Copy from range
Change PWA start and span according to plot range.
Reset the start and width value to show the full 360 deg.
Defines the start of PWA range in time or phase.
Defines width of PWA range in time or phase.
1 to 2^47
Defines the number of samples acquired of each PWA data set (450 MSa/s).
Acq Time (s)
Estimated time needed for recording of the specified number of samples.
Indicates whether the number of samples collected per bin or the amplitude exceeds the numerical limit. Reduce number of samples and/or change frequency.
Infinite Acq Time
The signal source of this unit (Boxcar) is not producing any data. Once it is configured and enabled, this field will indicate the duration of a single measurement.
0 to 100%
Show state of the PWA acquisition in percent.
3dB bandwidth in Hz.
Maximum number of displayed harmonics.
Select signal to be displayed.
Table 3: Boxcar tab: Boxcar sub-tab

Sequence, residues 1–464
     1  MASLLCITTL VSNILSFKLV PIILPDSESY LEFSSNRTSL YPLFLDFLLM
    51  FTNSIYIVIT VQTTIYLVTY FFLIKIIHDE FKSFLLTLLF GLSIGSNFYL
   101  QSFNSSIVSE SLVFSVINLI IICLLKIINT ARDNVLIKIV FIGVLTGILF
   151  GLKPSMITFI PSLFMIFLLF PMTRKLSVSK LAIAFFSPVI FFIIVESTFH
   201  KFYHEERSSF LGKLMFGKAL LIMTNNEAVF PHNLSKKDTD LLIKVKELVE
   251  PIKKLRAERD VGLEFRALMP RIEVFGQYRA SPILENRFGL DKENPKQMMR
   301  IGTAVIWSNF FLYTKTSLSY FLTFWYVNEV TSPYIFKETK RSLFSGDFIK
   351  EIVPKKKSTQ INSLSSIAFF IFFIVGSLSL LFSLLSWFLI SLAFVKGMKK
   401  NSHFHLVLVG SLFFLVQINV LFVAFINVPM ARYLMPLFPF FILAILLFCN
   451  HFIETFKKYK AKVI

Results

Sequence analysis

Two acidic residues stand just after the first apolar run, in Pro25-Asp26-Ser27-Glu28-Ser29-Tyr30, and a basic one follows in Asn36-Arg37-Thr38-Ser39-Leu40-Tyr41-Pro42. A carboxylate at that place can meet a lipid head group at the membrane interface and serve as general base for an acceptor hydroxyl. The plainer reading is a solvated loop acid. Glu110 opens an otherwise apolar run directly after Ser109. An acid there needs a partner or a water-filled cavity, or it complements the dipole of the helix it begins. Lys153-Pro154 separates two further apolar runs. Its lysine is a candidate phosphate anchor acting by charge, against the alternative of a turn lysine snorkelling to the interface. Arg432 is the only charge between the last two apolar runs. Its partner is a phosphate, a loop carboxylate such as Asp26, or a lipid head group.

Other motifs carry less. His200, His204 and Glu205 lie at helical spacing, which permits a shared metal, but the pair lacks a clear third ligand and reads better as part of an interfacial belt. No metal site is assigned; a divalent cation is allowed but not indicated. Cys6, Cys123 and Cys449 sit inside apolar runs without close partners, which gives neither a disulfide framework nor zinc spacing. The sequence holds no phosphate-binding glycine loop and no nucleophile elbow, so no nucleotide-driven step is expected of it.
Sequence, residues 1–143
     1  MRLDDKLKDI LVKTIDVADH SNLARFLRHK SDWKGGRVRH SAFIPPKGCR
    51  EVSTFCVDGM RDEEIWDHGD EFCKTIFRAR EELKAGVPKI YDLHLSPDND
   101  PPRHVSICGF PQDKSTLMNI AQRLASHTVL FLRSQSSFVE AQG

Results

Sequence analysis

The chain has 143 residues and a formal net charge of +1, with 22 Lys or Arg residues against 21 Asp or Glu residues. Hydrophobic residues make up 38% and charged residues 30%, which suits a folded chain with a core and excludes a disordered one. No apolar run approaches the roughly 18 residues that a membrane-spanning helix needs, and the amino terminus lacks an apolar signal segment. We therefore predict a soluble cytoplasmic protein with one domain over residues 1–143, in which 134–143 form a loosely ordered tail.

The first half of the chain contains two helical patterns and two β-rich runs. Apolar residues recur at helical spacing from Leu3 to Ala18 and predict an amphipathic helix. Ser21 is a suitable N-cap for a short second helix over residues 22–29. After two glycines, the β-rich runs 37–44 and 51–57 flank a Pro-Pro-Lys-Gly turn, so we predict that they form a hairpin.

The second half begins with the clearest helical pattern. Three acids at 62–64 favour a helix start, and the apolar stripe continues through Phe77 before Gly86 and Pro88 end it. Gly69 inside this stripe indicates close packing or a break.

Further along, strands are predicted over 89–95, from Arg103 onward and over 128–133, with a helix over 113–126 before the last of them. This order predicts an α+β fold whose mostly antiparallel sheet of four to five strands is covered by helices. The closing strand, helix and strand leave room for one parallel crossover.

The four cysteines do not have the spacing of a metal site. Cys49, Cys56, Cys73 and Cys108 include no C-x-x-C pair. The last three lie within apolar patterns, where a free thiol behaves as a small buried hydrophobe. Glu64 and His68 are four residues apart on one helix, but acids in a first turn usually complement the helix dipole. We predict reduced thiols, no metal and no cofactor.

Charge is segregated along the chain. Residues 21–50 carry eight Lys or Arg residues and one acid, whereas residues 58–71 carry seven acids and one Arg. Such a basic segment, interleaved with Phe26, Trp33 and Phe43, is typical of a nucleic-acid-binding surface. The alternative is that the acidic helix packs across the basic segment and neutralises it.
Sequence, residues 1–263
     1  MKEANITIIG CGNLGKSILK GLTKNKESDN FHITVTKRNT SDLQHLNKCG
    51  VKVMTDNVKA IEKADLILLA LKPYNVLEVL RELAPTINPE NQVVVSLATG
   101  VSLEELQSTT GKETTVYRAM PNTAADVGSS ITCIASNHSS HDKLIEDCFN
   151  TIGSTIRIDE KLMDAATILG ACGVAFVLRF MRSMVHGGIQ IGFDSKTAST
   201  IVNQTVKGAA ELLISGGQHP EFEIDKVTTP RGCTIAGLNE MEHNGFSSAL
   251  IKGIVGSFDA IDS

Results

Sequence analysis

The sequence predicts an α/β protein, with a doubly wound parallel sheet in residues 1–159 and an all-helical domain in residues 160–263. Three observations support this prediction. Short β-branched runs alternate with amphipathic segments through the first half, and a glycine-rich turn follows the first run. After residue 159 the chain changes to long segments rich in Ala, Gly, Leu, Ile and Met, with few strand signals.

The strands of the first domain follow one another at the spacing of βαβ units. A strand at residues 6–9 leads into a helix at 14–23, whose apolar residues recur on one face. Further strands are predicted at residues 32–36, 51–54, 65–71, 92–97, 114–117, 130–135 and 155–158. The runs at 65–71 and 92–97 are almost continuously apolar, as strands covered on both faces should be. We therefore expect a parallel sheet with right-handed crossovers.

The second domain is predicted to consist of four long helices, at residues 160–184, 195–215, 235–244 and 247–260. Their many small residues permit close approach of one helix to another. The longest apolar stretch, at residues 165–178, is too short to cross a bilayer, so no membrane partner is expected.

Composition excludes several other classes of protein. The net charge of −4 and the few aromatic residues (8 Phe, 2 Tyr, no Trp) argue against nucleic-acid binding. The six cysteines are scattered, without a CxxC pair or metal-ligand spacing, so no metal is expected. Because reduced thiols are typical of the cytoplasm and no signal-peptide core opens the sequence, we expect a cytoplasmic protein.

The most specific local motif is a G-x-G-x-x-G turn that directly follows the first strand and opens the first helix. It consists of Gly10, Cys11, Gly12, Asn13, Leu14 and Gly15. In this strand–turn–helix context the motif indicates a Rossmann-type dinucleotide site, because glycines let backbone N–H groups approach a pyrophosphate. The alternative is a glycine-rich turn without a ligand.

ON / OFF
Enable the BOXCAR unit
Select Signal Input used for the boxcar analysis.
Selection of the oscillator used for the boxcar analysis.
Oscillator frequency used for the boxcar analysis.
Too high frequency
Frequency for the boxcar is above or equal 450 MHz. Sticky flag cleared by restarting the boxcar. The boxcar output may not be reliable any more.
Copy from cursors
Take cursor values to define Window Start and Window span values.
Show Gate Opening
ON / OFF
Show gate opening on the PWA plot.
Selects the mode to specify the start of the boxcar averaging gate opening. The phase (deg) is the native mode for the device.
Native definition of the boxcar averaging gate start as phase.
Definition of the boxcar averaging gate start as time. Due to the conversion to phase on the device a small uncertainty window exists.
0 to 360
Boxcar averaging gate opening start in degrees. It can be converted to time assuming 360 equals to a full period of the driving oscillator.
Start Time (s)
0 to period